Key Takeaways From's Grocery Update Webinar

Panel analyzes new strategies companies are adopting
grocery aisle
Photograph: Shutterstock

“Consumers don’t just shop at one grocery store, they probably shop at five in any given week, in any given month," said Carrie Smith, SVP at Franklin Street, during's “Grocery Update: Opportunities and Challenges" webinar. This was just one key takeaway from the live online event, which was moderated by Ethan Chernofsky, VP of marketing for, and featured Smith and Jennifer Bartashus, senior equity research analyst for Bloomberg Intelligence, as guest speakers. 

The panel identified opportunities and challenges the grocery industry is facing today and analyzed new strategies some retailers are adopting. Read on to learn more. 

Smith regarding “basket size, as fuel costs are driving less trips”:

“There’s a bigger drive to the private label brands, a bigger drive to look at what you’re spending your dollars on. You go to Target to buy one thing, but you walk out buying 20. That’s what they’re known for, and what they love. That is impactful to them,” Smith said. 

But a challenge that many stores may be facing is how many need vs. want items consumers are going to be placing in their carts. “[Consumers] start changing your mind. Maybe I don’t need that tank top in addition to all of these groceries," she said. "In terms of what you’re buying for your family, there’s not going to be a whole lot of change in that. Groceries are your essential way of life.”

Bartashus regarding Walmart’s neighborhood market concept:

“The power of Walmart lies in its larger assortment; having the general merchandise, and not being just a pure grocery. They decided to focus on online grocery and making that as good as it can be. [Walmart was] one of the early adopters of curbside pickup, and [they were] testing that out and building the technology around it,” Bartashus said, adding that the company’s “priorities shifted,” and they began “looking at where is grocery going, as opposed to becoming profitable in a small format box.”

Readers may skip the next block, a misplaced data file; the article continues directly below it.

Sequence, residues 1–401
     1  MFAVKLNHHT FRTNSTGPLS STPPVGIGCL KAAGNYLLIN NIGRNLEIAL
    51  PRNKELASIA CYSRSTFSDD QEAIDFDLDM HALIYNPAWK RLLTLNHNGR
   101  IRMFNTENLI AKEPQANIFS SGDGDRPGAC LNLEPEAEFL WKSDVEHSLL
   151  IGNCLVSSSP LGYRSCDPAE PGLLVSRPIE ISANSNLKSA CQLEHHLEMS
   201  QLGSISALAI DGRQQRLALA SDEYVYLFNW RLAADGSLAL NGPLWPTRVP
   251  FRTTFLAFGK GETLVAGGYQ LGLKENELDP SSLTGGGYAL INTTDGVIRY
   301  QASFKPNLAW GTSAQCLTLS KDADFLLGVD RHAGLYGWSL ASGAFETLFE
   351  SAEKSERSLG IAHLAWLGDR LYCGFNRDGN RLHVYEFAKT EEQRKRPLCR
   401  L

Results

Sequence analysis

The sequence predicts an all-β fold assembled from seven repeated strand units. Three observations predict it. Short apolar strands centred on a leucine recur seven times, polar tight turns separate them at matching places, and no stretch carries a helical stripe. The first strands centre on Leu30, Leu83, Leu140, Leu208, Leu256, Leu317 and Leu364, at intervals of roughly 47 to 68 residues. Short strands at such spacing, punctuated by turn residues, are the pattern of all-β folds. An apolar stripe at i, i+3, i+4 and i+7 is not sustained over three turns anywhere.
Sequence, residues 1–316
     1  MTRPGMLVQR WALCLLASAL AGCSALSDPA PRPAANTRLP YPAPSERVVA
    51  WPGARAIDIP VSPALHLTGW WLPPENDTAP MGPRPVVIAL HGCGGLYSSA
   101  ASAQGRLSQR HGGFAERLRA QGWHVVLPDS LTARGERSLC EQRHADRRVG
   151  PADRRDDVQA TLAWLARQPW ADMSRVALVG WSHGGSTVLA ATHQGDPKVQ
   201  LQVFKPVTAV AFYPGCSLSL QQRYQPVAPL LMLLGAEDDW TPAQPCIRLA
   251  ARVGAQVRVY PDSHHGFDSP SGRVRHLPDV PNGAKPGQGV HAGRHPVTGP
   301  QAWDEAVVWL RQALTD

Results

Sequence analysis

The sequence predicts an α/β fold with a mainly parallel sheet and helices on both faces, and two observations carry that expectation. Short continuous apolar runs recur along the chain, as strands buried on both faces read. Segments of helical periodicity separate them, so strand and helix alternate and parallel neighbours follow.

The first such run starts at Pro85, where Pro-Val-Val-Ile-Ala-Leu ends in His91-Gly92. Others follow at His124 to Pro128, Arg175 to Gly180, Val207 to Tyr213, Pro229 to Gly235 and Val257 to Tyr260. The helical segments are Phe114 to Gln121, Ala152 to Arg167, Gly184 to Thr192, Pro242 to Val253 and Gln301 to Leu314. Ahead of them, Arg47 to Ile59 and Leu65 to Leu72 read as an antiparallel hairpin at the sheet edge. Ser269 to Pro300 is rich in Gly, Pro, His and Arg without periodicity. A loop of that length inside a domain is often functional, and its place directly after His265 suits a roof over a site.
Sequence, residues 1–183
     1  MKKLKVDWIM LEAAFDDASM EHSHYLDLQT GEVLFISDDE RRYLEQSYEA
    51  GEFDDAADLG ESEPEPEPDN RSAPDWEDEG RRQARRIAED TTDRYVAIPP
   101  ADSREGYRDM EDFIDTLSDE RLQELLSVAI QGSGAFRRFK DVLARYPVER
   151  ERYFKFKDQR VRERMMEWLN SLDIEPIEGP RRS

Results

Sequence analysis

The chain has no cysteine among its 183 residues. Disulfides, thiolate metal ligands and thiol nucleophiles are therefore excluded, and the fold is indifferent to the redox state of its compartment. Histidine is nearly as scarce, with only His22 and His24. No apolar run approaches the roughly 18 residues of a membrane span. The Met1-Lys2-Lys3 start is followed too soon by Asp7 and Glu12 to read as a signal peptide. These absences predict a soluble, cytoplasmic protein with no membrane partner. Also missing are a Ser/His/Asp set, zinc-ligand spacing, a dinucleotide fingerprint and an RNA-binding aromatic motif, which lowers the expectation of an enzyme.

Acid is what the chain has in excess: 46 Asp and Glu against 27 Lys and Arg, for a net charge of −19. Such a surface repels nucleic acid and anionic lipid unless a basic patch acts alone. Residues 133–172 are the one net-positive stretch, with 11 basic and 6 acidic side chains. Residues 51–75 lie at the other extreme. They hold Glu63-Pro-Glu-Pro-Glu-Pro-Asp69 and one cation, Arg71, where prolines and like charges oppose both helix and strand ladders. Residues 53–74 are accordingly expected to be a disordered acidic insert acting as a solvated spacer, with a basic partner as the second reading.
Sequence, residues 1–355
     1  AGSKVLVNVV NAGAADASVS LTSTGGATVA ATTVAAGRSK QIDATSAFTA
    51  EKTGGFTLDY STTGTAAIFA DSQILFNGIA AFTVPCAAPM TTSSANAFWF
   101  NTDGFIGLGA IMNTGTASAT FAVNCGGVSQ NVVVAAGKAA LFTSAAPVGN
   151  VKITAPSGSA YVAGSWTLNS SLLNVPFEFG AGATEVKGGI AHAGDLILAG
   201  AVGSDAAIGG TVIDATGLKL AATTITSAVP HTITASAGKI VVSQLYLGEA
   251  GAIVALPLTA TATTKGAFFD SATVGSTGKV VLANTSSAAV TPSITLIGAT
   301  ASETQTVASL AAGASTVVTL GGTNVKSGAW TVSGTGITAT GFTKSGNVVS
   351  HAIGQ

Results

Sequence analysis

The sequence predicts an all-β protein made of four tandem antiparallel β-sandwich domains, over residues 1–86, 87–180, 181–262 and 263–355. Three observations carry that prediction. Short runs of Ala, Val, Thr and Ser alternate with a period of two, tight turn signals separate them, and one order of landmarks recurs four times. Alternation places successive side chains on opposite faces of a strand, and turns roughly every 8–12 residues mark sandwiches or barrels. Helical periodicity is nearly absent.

Chernofsky regarding what Amazon’s future with grocery looks like:

Whole Foods doesn’t make sense within the Amazon lane,” said Chernofsky. “Whole Foods is high end; it’s about ‘a little bit more expensive and a little bit fancier.’ You’ll spend more on the asparagus here because you trust the quality. Amazon Go felt very ‘Amazony’—quick get in, get out, showcase the technology, etc. Amazon Fresh is the wild card here [if you look at what happens in California] … not competing with Whole Foods and Trader Joe’s. If we see Amazon push Amazon Fresh, I think they figured out their mix.”

Smith regarding value-oriented chains and location:

“Consumers don’t just shop at one grocery store, they probably shop at five in any given week, in any given month," Smith said. "Aldi and Lidl … they positioned themselves to be in great pieces of real estate right before a pandemic hit. They’re probably tapping into a consumer base that hadn’t tried them before.” 

“Yes, we were shopping at the Kroger, and then we were going to Walmart, and then maybe we would go to Target, but were we going to the Aldi that just opened up right around the corner? I don’t know, I’m not so sure about that. But now are people trying it? Absolutely.

“[Value-oriented stores are] not shying away from being down the street from Publix or Kroger or Albertsons … they’re going right next door to them, because they know if and when the time comes, they’re going to get that consumer in the door. And so what they can do now, is they can capture that audience and try to keep them long term, so this is their moment. You get the consumer in the store once, and maybe you’ve created a consumer for life.”

Bartashus regarding Publix, H-E-B, and Trader Joe’s:

“Publix, H-E-B, and Trader Joe’s truly understand their constituents. They have figured out how to organize their stores in ways that make sense and are easy for customers," Bartashus said. “Trader Joe’s did well in the early part of the pandemic because not only do people like their products, but it is a small store—you can get in and out, you don’t have to spend a lot of time around other people.”

She mentioned the grab-and-go sections that are in more traditional-sized grocery stores, and how those stores balance consumers’ needs for diversity in products, local assortment and convenience.



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